Gehenna (World of Darkness)

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This article is about the fictional event. For other uses, see Gehenna (disambiguation).
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In the role-playing game Vampire: The Masquerade by White Wolf, Inc., Gehenna is the vampires' prophesied armageddon.[1]:219[2] Gehenna (2004) was the final Vampire book published by White Wolf.[1]:228

Gehenna is the time when the Antediluvians (the grandchildren of Caine, the first vampire) will rise to consume the blood of all the younger vampires and construct a city in which they will rule for one thousand years. The prophecy of Gehenna is most thoroughly detailed in the Book of Nod, the story of Caine's banishment and cursing by God. There are also portents found in the Book of Nod, claiming the coming of the "Dark Father" and the "Dark Mother". Who these are is uncertain, but it is believed these two figures could be the mythical Caine and Lilith, respectively. Gehenna is said to be preceded by the Time of Thin Blood, in which successive generations of vampires past the thirteenth lose the potency of their blood, become incapable of siring childer or exercising their vampiric powers, and even develop a tolerance to sunlight.[3]

Four possible Gehenna scenarios were depicted in the final Vampire: The Masquerade sourcebook, which was titled Gehenna,[4] as part of the Time of Judgment that ended the original World of Darkness. The four scenarios are:

  1. "Wormwood" (God destroys all vampires save for a few, who are given a chance at redemption)
  2. "Fair is Foul" (Lilith takes her vengeance on Caine and his descendants)
  3. "Nightshade" (the Masquerade is broken and the Camarilla divided as the Antediluvians awaken)
  4. "The Crucible of God" (the Antediluvians rise up, ruling over or destroying most of the human race)

Gehenna cult[edit]

A Gehenna cult is a group of individuals (almost always vampires) that is devoted to influencing events leading up to or during Gehenna, often with the objective of stopping or aiding the Antediluvians. While these cults vary widely and are often in opposition of one another, in general each focuses on one or more similar activities including:[5]

  • Searching for Noddist lore and prophecies.
  • Discovering the location and activities of the Antediluvians.
  • Observing and destroying Methuselahs.
  • Spreading their message and recruiting others.

The term is used somewhat derisively, as most Kindred do not believe in the Antediluvians and many Gehenna cults are pseudo-religious, fanatical, and lacking any trusthworthy information. Many assume that they are created by elders to dupe younger vampires into unknowingly taking part of their personal schemes. The entire Sabbat could be called a Gehenna cult (and often is by members of the Camarilla), but the term is normally reserved for much smaller groups including:[5]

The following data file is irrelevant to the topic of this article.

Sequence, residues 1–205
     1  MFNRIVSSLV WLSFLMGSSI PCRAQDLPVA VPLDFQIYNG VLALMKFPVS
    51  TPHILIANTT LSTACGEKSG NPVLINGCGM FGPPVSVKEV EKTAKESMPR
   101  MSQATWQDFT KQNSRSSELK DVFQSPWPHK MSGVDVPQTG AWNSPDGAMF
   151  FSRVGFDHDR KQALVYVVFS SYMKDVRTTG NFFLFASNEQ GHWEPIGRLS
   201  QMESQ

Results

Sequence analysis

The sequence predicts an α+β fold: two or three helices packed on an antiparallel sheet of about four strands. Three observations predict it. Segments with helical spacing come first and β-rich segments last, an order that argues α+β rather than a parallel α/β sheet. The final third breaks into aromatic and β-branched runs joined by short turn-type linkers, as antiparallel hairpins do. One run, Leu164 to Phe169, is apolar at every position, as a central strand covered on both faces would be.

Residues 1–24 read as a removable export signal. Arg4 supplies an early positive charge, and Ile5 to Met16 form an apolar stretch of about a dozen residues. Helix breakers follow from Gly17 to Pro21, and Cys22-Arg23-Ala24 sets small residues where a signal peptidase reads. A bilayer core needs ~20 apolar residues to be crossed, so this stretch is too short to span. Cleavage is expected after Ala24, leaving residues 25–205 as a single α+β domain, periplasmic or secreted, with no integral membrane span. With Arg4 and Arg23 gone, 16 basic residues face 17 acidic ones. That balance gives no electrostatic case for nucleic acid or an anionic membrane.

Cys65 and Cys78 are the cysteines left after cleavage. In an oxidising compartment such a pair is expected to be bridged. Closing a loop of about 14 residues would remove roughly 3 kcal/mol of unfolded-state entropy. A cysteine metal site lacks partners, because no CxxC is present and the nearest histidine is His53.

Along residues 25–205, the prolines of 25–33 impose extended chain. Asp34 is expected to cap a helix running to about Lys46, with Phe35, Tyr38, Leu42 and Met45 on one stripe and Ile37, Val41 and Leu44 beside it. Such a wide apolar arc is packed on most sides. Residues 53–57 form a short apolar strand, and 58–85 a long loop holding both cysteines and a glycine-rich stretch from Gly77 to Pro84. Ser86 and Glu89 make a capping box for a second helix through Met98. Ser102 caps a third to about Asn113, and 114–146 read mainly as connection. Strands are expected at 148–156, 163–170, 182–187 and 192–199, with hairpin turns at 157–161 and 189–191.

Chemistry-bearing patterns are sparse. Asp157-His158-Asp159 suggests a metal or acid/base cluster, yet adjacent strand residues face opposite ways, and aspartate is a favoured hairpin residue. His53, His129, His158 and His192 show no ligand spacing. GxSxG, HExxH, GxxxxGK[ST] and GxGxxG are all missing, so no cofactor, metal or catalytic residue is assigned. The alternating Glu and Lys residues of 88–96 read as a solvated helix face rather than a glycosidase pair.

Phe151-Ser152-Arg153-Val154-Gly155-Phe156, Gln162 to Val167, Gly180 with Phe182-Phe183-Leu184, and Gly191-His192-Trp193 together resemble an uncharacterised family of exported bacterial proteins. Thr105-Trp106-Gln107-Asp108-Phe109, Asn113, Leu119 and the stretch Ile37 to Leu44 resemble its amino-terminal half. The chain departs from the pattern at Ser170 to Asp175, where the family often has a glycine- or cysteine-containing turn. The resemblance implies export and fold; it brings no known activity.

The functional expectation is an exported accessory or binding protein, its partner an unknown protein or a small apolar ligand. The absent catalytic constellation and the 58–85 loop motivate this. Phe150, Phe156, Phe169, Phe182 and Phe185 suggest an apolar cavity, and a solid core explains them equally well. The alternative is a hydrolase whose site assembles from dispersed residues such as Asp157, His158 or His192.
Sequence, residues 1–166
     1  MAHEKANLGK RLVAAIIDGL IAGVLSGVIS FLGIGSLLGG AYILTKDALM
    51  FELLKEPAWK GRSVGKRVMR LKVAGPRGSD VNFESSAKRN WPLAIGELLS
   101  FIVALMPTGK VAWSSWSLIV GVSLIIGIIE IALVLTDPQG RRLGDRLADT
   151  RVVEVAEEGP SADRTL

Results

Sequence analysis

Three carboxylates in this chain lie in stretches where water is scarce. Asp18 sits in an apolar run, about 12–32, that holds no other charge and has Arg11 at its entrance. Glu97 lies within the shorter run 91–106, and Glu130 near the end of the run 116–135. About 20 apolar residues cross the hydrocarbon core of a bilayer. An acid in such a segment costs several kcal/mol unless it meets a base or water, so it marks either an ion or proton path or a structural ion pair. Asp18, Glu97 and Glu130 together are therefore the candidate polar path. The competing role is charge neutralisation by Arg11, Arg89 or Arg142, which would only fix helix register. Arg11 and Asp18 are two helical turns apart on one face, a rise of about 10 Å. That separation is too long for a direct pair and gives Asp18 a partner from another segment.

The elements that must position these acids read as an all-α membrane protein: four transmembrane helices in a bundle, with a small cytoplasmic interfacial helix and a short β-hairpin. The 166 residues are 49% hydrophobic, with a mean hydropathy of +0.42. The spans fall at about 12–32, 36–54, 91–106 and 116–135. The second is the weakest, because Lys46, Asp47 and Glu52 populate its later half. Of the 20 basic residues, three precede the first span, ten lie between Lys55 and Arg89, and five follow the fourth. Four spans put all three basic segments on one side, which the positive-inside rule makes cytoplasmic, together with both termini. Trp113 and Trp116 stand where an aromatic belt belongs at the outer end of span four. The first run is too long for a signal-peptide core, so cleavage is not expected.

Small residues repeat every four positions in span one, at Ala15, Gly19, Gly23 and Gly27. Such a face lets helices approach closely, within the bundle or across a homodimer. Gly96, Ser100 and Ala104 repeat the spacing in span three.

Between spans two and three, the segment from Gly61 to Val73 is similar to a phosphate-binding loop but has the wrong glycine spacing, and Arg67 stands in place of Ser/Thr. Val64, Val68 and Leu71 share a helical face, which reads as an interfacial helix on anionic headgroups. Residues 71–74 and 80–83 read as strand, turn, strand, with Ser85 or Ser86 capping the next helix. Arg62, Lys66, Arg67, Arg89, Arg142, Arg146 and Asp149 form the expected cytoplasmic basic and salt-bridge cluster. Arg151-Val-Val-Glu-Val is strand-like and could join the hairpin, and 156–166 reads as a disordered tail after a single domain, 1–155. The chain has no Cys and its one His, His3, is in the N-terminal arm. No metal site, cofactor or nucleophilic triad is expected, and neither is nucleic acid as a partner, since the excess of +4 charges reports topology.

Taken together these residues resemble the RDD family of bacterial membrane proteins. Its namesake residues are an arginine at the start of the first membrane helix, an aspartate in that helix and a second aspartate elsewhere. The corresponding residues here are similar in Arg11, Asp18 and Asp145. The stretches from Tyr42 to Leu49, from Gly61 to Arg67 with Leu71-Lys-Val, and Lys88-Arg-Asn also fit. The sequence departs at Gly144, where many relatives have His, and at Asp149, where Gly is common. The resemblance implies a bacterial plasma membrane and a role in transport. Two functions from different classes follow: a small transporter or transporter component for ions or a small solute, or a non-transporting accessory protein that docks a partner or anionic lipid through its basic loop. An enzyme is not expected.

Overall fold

• The Royal Order of Edenic Groundskeepers. Founded in AD 1645, the Groundskeepers seek first and foremost, the resting-places of the Antediluvians. They are scholars who now possess the most extensive library of Kindred archeology in existence.
  • The Imperial Order of the Master Edenic Groundskeepers. Founded in AD 1898, this offshoot of the Royal Order of Edenic Groundskeepers gathers the recruits and weapons needed for a full-scale assault on the purported 62 tombs of Antediluvians and Methuselahs.
  • The Way of the Ancient Lawgivers. Founded in AD 1312, the Lawgivers (also known as "Enochians") argue that if the Kindred return to the ways of Enoch the First City - by which they mean that vampires should overtly enslave humanity and institute a strict hierarchy of age - the Ancients will have mercy and bring an era of unparalleled peace when they rise.
  • The Servitors of Irad. Founded in AD 1456, the goal of Servitors is to aid the Antediluvians' return to power by leading Kindred society ever deeper in obscurantism so that it will be less able to defend itself.
  • The Twilight Cult. Founded in AD 1550, the Twilight Cultists seek a woman referred to in The Book of Nod as "the last daughter of Eve."
  • The Cult of Enlightenment. Founded in AD 510, the Enlightened pursue the near-futile task of bringing spiritual enlightement of the Kindred race by encouraging them to transcend the Beast.
  • The Arimatheans. Founded in AD 30, the Arimatheans seek the Holy Grail as the ultimate vessel for not only their own redemption and transfiguration but that of Father Caine and, by extension, the whole race of vampires as well.
  • The Lilith Cults. The Lilins (or "Bahari" as they call themselves) are dozens of small, disparate cults that worship their Dark Mother, Lilith.
  • Seer Cults. Founded in recent nights, many cults are forming around thin-blooded vampires, with mystical insights about the Jyhad, hailed as messianic figures who could guide the Kindred into a new age of peace and wisdom.
  • The Heralds of the Red Star. The most famous seer cult (named for the star that appeared prior to the "week of nightmares" and led by half-human/half-vampire prophet V. Harriet Bakos) whose self-appointed mission is to convince the rest of the Kindred race that the end is much closer than is widely believed, and that differences must be put aside now if vampires hope to endure.

References[edit]

  1. ^ a b Shannon Appelcline (2011). Designers & Dragons. Mongoose Publishing. ISBN 978-1-907702- 58-7. 
  2. ^ Achilli, Justin; Bates, Andrew; Brucato, Phil; Dansky, Richard E.; Hall, Ed; Hatch, Robert; Lee, Michael B. (1998). Vampire: The Masquerade (Revised Edition). White Wolf, Inc. ISBN 1-56504-249-2. 
  3. ^ Greenberg, Andrew (1994). The Book of Nod. White Wolf, Inc. ISBN 1-56504-078-3. 
  4. ^ Shomshak, Dean (2004). Gehenna. White Wolf, Inc. ISBN 1-58846-855-0. 
  5. ^ a b Shomshak, Dean; Roark, Sarah (1999). Time of Thin Blood. White Wolf, Inc. ISBN 1-56504-245-X.